So, a Brit with a medical problem is likely to go see his/her GP for an initial consultation, and then, if needed, be referred to a specialist. The physicians’ pay – whether GPs, or specialists within NHS, – is mostly the function of the size of the practice, and the margin earnings rate for each additional visit is puny enough so that there is little incentive to see the patient more than minimally necessary. Plus, no doubt, every GP is incentivized to expend as little money as possible on treatments.

Read more…


Separated by common language

December 4th, 2007

Differences in English language as spoken by the British and the Americans is a long overdue topic for an expatriate blog. Today, I am finally getting around for a primer.

This isn’t about the obvious difference in pronunciation. True, understanding spoken English on British Isles takes considerable training and unwavering focus for someone whose ear is used to the American version. But that is only a part of the problem. The other part of it is that while you may recognize certain words, they turn out to mean something rather different. Plus, there are words which provoke no recognition from you when you hear them for the first time; yet, they mean things that are quite commonplace.
Read more…

That's England

Taxes with a twist and private medical insurance

October 15th, 2007
Comments Off

I wrote in the past about tax situation that a humble expat family is stuck in. Now, there is a little twist to ours.
Read more…

Medical, Taxation

On passport renewals

September 6th, 2007
Comments Off

My last entry has reminded me of a topic that I wanted to dedicate a separate post to, along the lines of Things You Tend To Not Spend Time Thinking Seriously About When In The Process Of Relocating Abroad. The previous article in this series discussed finer points of relocating with kids. This entry is about passport renewals.

Read more…

Costs, Relocation

What England Does Better

August 31st, 2007
Comments Off

I frequently rant about things that we do not like in England (the last obvious example of that was the driving license treatise), and even wrote a post once about things that we took for granted in the States. But occasionally, we come across a concept that makes us think, Why don’t they do it in the US? It’s long overdue on my part to collate some of those into a post. So, here goes a list of some things that we like on this side of the pond.
Read more…

European living, That's England

Short notes after a brief US trip

June 20th, 2007

My short business trip to Chicago is coming to an end. Seeing my parents and my brother’s family was a bonus; going to a baseball game with co-workers gave me a necessary jolt of American culture; further socializing with said co-workers was mostly fun; otherwise, I could have probably stayed home.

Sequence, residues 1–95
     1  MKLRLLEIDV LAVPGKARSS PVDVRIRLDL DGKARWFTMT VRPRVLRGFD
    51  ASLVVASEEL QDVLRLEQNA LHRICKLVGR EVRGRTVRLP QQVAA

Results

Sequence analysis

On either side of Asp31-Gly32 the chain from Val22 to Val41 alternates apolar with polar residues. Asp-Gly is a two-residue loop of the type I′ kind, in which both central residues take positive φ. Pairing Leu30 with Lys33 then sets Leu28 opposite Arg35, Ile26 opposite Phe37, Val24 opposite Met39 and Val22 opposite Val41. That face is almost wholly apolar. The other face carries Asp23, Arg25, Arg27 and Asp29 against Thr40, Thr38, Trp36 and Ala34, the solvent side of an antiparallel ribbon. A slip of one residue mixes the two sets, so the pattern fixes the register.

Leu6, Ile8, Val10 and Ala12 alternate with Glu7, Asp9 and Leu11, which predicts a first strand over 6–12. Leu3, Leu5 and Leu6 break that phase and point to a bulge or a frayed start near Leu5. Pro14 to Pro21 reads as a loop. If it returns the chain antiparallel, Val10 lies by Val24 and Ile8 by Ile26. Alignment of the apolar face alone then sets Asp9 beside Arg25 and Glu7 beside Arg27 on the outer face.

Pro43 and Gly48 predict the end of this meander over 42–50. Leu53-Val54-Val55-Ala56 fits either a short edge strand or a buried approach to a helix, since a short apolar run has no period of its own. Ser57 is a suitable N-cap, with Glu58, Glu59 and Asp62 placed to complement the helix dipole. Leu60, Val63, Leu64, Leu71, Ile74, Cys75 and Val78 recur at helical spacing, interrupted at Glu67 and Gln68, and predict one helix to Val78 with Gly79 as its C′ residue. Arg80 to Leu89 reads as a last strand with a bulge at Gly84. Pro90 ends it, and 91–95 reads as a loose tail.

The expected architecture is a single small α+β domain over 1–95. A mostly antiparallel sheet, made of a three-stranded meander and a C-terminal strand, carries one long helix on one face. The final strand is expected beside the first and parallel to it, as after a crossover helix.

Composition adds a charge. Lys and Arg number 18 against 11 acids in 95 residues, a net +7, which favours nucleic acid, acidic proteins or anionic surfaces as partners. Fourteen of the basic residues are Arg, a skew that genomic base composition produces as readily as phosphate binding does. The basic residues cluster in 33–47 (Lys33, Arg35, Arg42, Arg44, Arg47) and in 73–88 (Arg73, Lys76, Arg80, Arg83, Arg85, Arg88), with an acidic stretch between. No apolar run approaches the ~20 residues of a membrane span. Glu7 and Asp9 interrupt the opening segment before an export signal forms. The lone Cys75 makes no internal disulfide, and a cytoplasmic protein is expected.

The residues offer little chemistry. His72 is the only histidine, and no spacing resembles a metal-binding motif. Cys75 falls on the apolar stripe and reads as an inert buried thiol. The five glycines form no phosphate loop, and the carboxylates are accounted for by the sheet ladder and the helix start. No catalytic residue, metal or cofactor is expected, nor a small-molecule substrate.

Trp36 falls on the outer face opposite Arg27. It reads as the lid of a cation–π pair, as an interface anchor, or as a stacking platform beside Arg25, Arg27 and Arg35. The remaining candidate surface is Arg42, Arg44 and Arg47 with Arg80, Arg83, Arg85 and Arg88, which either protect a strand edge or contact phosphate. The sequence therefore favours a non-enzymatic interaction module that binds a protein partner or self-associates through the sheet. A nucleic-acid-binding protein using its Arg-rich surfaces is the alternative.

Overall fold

Read more…

European living

Corporate benefits and other random occurrences

June 14th, 2007
Comments Off

No sooner did I mention in my previous post that I had never personally encountered a manned police speed checkpoint, that I came upon one on my morning school run.
Read more…

Chronicles, That's England

Licensed to kill… or watch, at least

June 4th, 2007

It may come as a surprise to many, but in England, a person cannot watch TV unless (s)he is licensed to do so.
Read more…

That's England

A primer on Socialist medical service

November 24th, 2006

No sooner I complained about not having a Russian store nearby that Natasha found one. It is in no way comparable to the ones we loved so much in the States, it does not have hot kitchen – and the owners actually do not speak Russian – but it is only a couple of miles away and it sells such essentials as шпроты and сайра.
Read more…

Chronicles, Medical

Things we take for granted

November 21st, 2006

Taking a break from describing events of our life, I want to let a bit nostalgia in and recite some things that we so gotten used to in America that we never considered their importance. Without further ado, here are some things that we clearly took for granted in the great US of A.
Read more…

European living, That's England

Stupid credit history

October 16th, 2006

Sometimes, things come up that you have not really considered when you thought through various pros and cons of a potential life-altering decision (such as starting a new life abroad).

Read more…